Magna International Inc. — in cooperation with the U.S. Department of Energy (DOE) and partners Fiat Chrysler Automotive (FCA) US and Grupo Antolin — developed a new, ultralight door architecture that achieves 42.5% mass savings compared to an average current production door. The door-in-white assembly makes extensive use of aluminum, which achieves approximately half of the total mass reduction of the door assembly. Overall, the project makes use of materials readily available today that can easily be made using existing manufacturing processes, without a significant increase in production costs or changes in body-shop infrastructure.
A key innovation associated with the development of the ultralight door includes integration of Magna’s SmartLatch™ electronic latch system. This eliminated the need for mechanical hardware and enabled the development of a unique carrier module with integrated glass guides and lift capability of a lightweight hybrid glass laminate, an industry first.
For this advanced ultralight door project, Magna built on its know-how from the development of the Multi-Material Lightweight Vehicle (MMLV) with the DOE and Ford in 2014. Magna’s advanced engineering team – a collaborative effort between the company’s corporate R&D and various product groups – combined its unique, full-vehicle perspective on the design of a driver’s-side door with an inventive mix of materials and technology to tackle the challenge of significant weight reduction. This was developed in less than 10 months while keeping the cost within accepted industry parameters and providing a solution that applies to approximately 70 percent of the light vehicle market.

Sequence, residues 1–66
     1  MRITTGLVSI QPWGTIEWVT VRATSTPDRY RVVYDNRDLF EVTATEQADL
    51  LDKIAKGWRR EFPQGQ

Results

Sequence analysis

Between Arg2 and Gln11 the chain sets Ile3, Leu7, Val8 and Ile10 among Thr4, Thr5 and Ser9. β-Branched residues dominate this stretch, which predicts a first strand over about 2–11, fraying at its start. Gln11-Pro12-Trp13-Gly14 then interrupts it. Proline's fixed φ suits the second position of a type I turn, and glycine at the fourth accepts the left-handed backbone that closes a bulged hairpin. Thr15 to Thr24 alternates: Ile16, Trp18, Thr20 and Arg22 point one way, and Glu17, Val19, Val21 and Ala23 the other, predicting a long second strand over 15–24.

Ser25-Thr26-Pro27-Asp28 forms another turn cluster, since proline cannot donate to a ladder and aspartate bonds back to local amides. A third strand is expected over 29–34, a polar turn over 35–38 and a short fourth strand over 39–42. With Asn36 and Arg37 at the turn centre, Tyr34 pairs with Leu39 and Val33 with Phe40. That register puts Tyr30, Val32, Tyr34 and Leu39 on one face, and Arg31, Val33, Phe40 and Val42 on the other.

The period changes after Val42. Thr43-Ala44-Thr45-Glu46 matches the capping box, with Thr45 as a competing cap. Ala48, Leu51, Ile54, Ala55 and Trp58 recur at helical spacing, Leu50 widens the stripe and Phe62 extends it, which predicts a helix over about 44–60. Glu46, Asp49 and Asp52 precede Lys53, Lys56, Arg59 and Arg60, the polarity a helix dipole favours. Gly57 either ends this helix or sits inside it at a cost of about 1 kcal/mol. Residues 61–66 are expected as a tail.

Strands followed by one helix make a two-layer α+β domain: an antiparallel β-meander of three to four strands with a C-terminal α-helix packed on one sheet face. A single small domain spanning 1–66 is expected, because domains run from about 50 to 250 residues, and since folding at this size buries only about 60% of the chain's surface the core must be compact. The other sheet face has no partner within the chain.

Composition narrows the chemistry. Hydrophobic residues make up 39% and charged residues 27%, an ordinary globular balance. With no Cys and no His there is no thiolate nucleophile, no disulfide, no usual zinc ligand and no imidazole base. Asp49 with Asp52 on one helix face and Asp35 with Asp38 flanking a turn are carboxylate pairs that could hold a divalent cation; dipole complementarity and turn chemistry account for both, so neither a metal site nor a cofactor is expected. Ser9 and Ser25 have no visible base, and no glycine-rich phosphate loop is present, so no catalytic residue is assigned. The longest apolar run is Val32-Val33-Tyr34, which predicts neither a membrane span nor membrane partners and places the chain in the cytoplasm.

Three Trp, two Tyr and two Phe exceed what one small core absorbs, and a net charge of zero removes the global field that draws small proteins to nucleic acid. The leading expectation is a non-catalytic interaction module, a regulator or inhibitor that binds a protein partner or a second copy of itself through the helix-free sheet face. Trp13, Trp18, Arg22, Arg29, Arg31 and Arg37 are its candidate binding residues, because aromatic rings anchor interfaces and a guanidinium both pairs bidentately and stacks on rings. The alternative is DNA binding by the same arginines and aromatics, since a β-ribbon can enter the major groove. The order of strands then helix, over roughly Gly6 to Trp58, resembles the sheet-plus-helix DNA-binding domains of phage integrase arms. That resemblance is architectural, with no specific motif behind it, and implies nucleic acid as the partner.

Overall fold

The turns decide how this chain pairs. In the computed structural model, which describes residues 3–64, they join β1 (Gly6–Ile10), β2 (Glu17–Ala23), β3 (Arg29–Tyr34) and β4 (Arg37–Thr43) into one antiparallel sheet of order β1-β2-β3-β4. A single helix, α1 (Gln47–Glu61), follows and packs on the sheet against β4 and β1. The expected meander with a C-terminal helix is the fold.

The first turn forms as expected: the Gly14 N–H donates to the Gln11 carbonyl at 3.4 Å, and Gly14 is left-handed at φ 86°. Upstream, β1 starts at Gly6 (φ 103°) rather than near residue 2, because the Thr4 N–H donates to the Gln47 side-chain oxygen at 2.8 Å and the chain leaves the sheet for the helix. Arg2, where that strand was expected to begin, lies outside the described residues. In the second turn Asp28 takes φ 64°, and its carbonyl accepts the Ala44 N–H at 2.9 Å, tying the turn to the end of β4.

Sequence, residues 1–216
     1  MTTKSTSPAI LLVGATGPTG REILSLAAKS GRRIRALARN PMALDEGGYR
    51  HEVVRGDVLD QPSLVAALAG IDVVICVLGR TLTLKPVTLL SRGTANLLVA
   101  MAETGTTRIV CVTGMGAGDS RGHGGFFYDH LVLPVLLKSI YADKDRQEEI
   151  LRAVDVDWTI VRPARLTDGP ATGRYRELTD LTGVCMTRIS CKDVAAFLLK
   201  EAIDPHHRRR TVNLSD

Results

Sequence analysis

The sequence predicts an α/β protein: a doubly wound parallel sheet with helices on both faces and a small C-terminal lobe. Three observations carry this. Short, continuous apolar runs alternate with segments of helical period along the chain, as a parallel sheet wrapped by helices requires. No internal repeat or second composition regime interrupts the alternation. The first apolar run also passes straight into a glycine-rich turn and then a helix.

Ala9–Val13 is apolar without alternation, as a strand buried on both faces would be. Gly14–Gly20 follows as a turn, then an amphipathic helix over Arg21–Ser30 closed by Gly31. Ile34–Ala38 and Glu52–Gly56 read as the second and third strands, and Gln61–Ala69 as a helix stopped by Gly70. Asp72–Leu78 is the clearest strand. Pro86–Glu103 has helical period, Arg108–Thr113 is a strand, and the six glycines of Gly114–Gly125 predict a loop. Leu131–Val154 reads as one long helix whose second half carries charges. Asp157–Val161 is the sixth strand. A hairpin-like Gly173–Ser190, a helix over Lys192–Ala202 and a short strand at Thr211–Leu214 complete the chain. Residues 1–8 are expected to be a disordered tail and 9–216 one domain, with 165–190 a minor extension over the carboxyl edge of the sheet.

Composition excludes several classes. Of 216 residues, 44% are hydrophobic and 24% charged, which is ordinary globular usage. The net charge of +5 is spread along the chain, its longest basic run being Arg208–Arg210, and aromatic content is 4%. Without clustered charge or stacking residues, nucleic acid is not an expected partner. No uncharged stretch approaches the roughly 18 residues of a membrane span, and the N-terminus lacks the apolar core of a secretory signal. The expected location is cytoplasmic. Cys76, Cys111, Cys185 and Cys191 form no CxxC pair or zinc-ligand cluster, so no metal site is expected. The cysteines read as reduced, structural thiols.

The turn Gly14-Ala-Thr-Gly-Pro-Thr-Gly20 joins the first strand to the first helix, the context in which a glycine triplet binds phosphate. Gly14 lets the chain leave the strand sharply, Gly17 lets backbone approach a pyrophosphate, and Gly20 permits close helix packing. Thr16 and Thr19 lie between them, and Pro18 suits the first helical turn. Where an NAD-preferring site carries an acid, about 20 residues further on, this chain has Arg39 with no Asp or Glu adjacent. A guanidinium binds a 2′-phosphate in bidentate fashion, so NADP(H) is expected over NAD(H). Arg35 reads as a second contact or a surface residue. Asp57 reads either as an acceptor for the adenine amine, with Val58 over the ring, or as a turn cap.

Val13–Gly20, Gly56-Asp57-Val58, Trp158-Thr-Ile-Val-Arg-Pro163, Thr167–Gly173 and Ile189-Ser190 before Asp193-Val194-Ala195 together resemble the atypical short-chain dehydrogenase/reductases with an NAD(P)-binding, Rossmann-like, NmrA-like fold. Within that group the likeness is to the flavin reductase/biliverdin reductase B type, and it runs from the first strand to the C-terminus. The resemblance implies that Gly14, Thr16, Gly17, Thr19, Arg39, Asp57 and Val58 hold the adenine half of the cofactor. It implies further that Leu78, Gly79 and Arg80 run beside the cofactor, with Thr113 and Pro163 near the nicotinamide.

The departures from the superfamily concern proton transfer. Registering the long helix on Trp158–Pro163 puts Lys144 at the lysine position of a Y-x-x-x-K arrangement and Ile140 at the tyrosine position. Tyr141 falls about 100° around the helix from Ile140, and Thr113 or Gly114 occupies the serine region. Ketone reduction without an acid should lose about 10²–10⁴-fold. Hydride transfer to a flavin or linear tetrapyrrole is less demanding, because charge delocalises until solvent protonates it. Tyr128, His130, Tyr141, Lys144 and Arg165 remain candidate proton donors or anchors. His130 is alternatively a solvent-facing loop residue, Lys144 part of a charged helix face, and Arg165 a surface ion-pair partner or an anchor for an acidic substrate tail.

“The team started from scratch and reimagined the way we think about the design, development, and material-use of a door architecture,” said Swamy Kotagiri, chief technology officer, Magna International. “Building on our significant expertise in lightweighting from previous DOE projects, the team leveraged our broad product-development expertise and tackled this challenge in a cost-effective manner while meeting safety, durability and functionality requirements.”
Grupo Antolin contributed to the project in the design and manufacture of interior trim components in order to provide significant mass reduction. The application of advanced molding technologies and polymers contributed approximately 7% to the total mass reduction.
The ultralight door development included intensive simulation efforts, passing all safety and durability testing in the process. The next steps include manufacturing full-scale prototype door assemblies, performance tests and safety tests to validate the design, with the goal of being available for use in production vehicles by the fall of 2020.
The FCA US engineering team was an integral part of the design and development of the ultralight door, providing engineering collaboration to confirm compatibility with existing assembly operations, as well as CAE durability, fatigue, and safety analysis. FCA US plans to conduct testing of prototype door assemblies and full vehicles to validate the results of the predictive simulation.
Note: This material is based upon work supported by the DOE, Office of Energy Efficiency and Renewable Energy (EERE), under award number DE-0007306.